Ian King (Bloomberg) -- Intel Corp., whose microprocessors dominate the personal-computer market, gave an upbeat quarterly and annual sales forecast, signaling optimism that demand will persist even as the industry scrambles to fix a vulnerability in its PC and server chips.
Sales in the current period will be about $15 billion, plus or minus $500 million, and annual revenue will rise to a record $65 billion, the company said in a statement late Thursday. That compares with average quarterly estimates for revenue of $15 billion and 2018 projections for sales of $63.9 billion.
Chief Executive Officer Brian Krzanich is grappling with the fallout from the disclosure early this month of a security flaw that could let hackers use processors to illicitly access sensitive information on servers and PCs. That’s raised new questions about how reliant computer makers are on Intel’s products, which account for more than 90 percent of the microprocessor market, and has given new urgency to Krzanich’s push to ease Intel’s dependence on the PC market for its own growth. For now, the vulnerability may be helping Intel as computer owners retire older systems and upgrade to secure their systems.
“PCs have held up quite well in the fourth quarter and the first quarter is going to be OK,” said Ruben Roy, an analyst at MKM Partners. “The data-center business is going to re-accelerate in 2018 and that’s been a focus for investors."
Intel shares gained 4.5 percent in extended trading following the announcement, after closing the day in New York at $45.30. The stock gained 27 percent in 2017, lagging behind the 38 percent advance in the Philadelphia Stock Exchange Semiconductor Index.
In the fourth quarter, sales climbed 4.3 percent to $17.1 billion, Intel said. The company posted a net loss of 15 cents a share because of an income tax expense of $5.4 billion, a result of the new U.S. tax law passed last month. Excluding certain items, profit was $1.08 a share. On that basis, analysts had projected 87 cents in profit, on revenue of $16.4 billion.
Intel Chief Financial Officer Bob Swan said the boost in Intel’s sales and profit in the recent quarter came from a return to spending by corporations on their internal networks. That trend may not continue, he said. Sales to cloud-service providers -- companies such as Alphabet Inc.’s Google and Facebook Inc. -- rose 35 percent in the fourth quarter.
“We see good demand trends” in the first quarter, Swan said in an interview. “The biggest pleasant surprise was enterprise.”
After it announced the chip vulnerability Jan. 3, Intel told investors there would be no material impact on earnings. The company initially said it wasn’t liable because the chips were not faulty -- they work as promised -- noting that the potential exploit affects all modern processors, not just Intel products. The company has since then accepted more responsibility. Intel apologized and has submitted regular updates on the efforts to roll out software patches that close off the hole hackers might have used. While there have been no reports of data being stolen via this method, some of the patches have caused computers to repeatedly reboot or slow down, particularly older machines.
The disclosure of the issue, which Intel had known about since summer, has also raised questions about Krzanich’s fourth-quarter sale of a chunk of company stock. Intel says the sales were part of a pre-arranged plan with an automated schedule, but some securities lawyers say the larger-than-usual transaction will probably be examined by the U.S. Securities and Exchange Commission. Lawmakers have also called for an investigation.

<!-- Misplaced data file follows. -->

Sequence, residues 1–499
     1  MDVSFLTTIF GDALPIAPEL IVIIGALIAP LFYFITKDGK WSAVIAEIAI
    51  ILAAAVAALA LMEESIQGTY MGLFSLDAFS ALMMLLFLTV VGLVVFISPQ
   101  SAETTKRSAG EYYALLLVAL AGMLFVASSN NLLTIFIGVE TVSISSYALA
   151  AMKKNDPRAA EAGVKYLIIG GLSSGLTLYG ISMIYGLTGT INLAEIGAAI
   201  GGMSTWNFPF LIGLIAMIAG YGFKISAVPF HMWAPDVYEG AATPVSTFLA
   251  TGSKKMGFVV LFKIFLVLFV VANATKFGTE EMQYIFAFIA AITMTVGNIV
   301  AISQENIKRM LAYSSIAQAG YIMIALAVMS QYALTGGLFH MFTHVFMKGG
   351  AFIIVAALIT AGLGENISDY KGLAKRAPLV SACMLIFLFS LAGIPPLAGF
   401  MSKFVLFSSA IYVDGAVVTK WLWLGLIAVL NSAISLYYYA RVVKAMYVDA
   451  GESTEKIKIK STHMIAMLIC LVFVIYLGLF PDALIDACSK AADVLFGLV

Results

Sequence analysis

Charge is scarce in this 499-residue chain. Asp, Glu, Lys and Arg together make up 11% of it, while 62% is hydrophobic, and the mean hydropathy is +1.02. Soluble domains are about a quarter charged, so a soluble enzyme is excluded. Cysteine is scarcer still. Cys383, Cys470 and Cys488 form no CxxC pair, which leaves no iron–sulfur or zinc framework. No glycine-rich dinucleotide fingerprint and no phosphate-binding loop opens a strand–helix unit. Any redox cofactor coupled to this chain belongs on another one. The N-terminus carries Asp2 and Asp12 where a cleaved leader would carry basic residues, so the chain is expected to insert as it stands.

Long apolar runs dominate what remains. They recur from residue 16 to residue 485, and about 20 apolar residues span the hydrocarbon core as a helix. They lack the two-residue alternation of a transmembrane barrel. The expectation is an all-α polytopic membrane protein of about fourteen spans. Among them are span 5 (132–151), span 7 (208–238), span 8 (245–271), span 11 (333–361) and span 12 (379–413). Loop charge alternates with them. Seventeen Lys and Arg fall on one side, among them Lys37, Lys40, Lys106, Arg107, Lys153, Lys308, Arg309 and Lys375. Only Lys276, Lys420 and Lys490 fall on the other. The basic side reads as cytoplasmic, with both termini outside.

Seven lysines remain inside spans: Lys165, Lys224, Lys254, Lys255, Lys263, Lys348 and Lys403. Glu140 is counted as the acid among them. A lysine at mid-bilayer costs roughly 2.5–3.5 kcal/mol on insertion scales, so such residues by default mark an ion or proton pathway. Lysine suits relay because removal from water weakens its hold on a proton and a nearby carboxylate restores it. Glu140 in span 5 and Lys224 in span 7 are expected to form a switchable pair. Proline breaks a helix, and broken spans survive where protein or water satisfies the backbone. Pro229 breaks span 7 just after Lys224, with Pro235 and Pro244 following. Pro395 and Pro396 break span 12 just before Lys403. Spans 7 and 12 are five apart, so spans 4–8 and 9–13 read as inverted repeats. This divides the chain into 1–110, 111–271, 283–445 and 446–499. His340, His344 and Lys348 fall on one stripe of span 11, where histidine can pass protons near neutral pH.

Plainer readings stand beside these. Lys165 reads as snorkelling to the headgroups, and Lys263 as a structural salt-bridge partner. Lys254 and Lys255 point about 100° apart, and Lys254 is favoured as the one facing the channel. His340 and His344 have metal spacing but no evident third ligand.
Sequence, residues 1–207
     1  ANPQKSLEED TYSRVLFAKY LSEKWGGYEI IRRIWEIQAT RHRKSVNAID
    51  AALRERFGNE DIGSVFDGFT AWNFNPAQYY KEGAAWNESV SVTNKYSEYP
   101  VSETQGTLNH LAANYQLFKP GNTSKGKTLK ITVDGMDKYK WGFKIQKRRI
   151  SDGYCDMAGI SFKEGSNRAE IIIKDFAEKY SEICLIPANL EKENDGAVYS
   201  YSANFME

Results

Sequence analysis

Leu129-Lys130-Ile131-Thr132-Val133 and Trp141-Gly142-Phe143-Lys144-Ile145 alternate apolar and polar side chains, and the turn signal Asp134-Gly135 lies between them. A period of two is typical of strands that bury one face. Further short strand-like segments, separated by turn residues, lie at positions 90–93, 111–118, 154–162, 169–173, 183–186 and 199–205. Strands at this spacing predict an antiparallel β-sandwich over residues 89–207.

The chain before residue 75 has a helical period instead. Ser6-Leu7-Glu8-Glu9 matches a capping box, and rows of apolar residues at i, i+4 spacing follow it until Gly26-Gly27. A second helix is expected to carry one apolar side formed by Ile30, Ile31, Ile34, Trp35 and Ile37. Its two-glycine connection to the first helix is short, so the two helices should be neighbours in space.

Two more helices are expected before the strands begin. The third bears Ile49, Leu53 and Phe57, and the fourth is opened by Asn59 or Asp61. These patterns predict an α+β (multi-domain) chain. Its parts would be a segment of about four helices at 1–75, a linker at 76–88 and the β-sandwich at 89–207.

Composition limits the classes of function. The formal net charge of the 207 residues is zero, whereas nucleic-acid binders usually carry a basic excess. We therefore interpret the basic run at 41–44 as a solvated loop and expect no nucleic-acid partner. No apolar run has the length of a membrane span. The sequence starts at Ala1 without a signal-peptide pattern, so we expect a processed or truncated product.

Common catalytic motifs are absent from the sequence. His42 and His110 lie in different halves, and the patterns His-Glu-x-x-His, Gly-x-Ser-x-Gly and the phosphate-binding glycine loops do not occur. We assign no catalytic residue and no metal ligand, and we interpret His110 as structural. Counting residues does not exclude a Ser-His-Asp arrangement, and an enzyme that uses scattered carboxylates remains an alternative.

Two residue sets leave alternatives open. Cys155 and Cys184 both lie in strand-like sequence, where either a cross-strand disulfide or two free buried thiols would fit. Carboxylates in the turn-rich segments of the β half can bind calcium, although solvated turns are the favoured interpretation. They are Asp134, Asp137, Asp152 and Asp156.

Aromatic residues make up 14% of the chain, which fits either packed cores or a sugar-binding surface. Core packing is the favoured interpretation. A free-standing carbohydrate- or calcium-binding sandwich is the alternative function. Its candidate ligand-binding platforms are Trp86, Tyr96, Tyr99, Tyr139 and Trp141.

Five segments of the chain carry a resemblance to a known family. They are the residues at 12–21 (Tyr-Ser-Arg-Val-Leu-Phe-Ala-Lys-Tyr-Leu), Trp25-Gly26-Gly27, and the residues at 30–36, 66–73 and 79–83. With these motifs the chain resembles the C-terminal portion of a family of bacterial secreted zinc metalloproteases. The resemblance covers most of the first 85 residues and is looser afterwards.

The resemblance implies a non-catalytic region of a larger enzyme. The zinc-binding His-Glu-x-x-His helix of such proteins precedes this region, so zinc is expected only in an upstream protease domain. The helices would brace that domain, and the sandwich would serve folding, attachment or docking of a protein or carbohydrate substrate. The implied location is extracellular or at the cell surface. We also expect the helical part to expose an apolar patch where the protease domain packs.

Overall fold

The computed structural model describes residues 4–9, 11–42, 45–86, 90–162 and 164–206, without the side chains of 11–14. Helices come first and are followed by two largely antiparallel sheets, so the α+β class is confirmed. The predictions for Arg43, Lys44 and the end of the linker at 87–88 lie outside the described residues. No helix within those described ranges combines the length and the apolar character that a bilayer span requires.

Intel’s PC chip unit had fourth-quarter sales of $9 billion, down 2 percent from a year earlier. In PCs, Santa Clara, California-based Intel is facing a revived challenge from longtime rival Advanced Micro Devices Inc. The data-center unit, which sells powerful, expensive chips for machines that run the internet and corporate networks, had revenue of $5.6 billion, a jump of 20 percent. Intel’s CEO has promised growth in that unit of more than 10 percent long term, though gains in recent quarters had fallen short of that target. In the third quarter, data-center division sales rose just 7 percent.
Sales of memory chips rose 9 percent, while revenue from chips for a new range of devices that are gaining the ability to compute and connect, known as the internet of things, climbed 21 percent.
Intel’s renewed commitment to memory chips takes it into direct competition with Samsung Electronics Co., the only company in the industry with comparable sales and resources.
The memory market, which Intel invented when the company was founded in the late 1960s, then exited in the early 1990s when competition from Asian companies became too great, is typically the most volatile part of the industry. In some years, producers lose money when supply gluts cause prices to drop.
Intel’s latest venture into the market has struggled to turn a profit. It’s also possibly not pulled in enough sales to prevent Samsung from breaking its more than 25-year run as the largest overall chipmaker.
Shipments of personal computers totaled 259.5 million units in 2017, according to researcher IDC. That represented a drop of 0.2 percent, the smallest retreat since the market began to shrink in 2011. The market was "steadying, albeit still weak” in the fourth quarter, gaining less than 1 percent from a year earlier, IDC said earlier this month.